Nylon (which, if I recall correctly, is what the pony bodies are made out of) is considered a very 'thirsty' plastic, and will absorb just about anything put near it. Dye especially, but also scents! Unfortunately, possibly because of a mix of being very old and very soft plastic (which makes them absorb more I presume?), G1 ponies tend to pick up a LOT of scent in their travels! Some are unscented out of the factory, but mix them into a collection with scented ponies, and let them sit for 20 years in a hot attic ... EVERYONE starts smelling the same! ;)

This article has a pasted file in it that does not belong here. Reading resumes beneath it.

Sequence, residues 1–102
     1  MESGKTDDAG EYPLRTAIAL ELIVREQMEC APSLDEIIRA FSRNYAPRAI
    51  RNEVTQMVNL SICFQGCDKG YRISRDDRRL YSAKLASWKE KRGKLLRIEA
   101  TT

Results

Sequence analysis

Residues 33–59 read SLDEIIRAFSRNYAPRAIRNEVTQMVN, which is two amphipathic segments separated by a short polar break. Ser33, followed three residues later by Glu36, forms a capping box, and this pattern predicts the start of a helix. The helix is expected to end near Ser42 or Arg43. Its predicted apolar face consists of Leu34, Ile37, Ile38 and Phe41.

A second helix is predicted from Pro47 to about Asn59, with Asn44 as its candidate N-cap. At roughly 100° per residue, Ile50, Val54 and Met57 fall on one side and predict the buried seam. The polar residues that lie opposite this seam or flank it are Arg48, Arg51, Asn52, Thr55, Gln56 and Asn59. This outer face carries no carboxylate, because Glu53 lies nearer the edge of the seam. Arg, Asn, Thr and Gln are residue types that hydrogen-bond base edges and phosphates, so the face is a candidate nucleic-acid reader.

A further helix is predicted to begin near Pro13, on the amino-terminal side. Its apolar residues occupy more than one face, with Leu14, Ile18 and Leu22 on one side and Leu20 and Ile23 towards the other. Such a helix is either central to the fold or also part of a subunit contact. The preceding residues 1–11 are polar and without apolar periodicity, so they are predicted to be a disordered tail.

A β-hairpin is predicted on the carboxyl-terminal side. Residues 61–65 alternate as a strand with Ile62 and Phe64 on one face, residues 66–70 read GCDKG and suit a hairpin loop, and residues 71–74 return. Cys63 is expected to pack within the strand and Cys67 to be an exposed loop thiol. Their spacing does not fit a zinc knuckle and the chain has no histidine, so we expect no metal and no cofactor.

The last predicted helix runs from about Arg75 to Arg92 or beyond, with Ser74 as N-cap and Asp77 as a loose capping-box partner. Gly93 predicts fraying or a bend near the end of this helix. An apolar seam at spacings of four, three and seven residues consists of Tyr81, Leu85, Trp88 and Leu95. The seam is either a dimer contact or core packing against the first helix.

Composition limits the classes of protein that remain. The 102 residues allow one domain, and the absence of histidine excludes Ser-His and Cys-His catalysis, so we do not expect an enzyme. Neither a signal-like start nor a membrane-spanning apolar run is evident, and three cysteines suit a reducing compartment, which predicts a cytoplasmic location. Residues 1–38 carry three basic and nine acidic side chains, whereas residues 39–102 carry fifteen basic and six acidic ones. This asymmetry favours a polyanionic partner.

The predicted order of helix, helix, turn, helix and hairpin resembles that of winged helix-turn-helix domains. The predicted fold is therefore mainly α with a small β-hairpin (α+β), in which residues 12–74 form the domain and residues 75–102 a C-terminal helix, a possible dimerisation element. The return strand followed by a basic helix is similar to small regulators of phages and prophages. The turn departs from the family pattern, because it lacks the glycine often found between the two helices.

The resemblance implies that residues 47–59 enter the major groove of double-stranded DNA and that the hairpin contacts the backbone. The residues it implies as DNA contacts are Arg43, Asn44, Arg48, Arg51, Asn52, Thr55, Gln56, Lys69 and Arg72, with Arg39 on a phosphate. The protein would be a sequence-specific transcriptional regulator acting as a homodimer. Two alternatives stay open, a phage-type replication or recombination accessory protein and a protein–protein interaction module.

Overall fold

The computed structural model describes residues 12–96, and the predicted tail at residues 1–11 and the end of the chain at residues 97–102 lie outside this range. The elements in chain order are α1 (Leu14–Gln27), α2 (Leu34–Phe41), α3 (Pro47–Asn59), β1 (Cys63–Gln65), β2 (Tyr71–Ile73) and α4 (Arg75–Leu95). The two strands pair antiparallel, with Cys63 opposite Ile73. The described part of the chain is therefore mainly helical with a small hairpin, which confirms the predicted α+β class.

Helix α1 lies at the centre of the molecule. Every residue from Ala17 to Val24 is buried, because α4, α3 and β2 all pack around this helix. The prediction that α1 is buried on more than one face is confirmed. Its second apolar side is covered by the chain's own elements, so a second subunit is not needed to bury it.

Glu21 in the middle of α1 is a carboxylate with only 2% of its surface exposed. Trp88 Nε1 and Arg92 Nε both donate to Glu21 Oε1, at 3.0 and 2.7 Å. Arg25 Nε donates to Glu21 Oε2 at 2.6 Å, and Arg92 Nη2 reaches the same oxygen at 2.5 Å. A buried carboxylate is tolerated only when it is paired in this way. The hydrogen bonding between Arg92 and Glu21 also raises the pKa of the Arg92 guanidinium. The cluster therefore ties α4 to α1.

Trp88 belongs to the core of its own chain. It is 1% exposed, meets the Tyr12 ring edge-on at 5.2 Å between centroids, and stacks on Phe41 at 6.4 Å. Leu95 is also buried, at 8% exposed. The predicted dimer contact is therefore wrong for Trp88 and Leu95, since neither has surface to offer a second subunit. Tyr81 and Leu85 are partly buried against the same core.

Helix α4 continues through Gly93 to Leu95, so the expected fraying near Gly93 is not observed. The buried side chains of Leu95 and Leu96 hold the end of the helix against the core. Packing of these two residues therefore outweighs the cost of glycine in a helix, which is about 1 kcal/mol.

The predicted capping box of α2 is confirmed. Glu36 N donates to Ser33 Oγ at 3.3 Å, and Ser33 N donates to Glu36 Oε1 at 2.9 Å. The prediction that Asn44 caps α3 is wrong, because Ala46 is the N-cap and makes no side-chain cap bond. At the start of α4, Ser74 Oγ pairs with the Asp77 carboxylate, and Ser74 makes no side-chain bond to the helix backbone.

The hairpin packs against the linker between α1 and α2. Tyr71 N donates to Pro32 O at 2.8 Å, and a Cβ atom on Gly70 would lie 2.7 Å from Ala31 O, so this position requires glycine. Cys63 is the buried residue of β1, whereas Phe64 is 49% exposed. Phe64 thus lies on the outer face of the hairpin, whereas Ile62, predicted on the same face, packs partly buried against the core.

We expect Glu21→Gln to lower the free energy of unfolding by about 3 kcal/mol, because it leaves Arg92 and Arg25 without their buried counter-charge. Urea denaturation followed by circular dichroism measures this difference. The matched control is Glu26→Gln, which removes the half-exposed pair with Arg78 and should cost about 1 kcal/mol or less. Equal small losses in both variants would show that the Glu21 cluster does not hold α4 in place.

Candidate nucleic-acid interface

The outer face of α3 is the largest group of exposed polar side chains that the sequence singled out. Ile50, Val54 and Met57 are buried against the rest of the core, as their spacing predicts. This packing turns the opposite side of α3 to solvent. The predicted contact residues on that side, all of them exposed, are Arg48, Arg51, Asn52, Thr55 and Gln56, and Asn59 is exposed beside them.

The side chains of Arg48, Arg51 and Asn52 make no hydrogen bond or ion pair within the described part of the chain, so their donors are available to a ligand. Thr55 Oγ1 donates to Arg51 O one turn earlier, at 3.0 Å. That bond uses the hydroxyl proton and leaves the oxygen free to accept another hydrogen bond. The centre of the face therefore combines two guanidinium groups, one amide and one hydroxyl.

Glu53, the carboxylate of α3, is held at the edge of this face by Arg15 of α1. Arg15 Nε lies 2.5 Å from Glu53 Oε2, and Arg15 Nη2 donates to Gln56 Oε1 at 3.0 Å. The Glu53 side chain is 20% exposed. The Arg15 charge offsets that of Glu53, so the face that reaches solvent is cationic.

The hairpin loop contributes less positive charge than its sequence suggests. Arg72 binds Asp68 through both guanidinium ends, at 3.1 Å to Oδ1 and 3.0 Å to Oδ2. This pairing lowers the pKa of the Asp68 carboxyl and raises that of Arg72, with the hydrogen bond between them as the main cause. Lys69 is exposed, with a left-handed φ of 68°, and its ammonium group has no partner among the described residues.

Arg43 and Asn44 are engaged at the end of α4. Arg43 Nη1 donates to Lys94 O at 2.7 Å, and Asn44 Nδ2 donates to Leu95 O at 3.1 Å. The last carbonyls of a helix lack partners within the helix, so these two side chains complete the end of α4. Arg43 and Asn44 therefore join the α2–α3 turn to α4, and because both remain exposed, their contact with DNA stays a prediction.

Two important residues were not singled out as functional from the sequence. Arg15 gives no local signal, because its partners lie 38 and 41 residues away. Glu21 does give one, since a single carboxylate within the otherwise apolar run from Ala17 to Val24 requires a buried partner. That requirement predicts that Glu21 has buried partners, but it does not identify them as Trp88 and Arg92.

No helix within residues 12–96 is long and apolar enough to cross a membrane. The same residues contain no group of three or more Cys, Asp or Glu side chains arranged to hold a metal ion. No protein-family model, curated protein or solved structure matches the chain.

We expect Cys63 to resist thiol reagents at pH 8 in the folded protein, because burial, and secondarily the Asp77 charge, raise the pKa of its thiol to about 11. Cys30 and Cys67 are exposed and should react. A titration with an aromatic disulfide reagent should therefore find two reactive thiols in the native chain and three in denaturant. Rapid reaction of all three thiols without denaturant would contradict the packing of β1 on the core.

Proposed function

Another scent they can pick up is less floral - the scent of plastic degrading. It's not a "bad" smell per se, but it is pretty plasticky, or chemical-y smelling, if that's something that also triggers your nose. I totally understand having nose sensitivities, we use unscented laundry soap here too! I suspect, if you're in a no-scent household, you may even be picking up on the smell of someone's scented laundry detergent! That stuff is STRONG if you don't use it yourself, and you quickly become noseblind to it if you're wearing it every day. The seller might think 'this pony has no smell!' but once you open it up you're bowled over by flowers! If you're getting them secondhand from someone who thrifts, they may be picking up the overwhelming thrift smell, which seems to be a very strong detergent/floral scent. (I'd much rather they smell like flowers than, uh, other things! :P I'm not advocating for the thrift store to stop washing stuff, LOL!)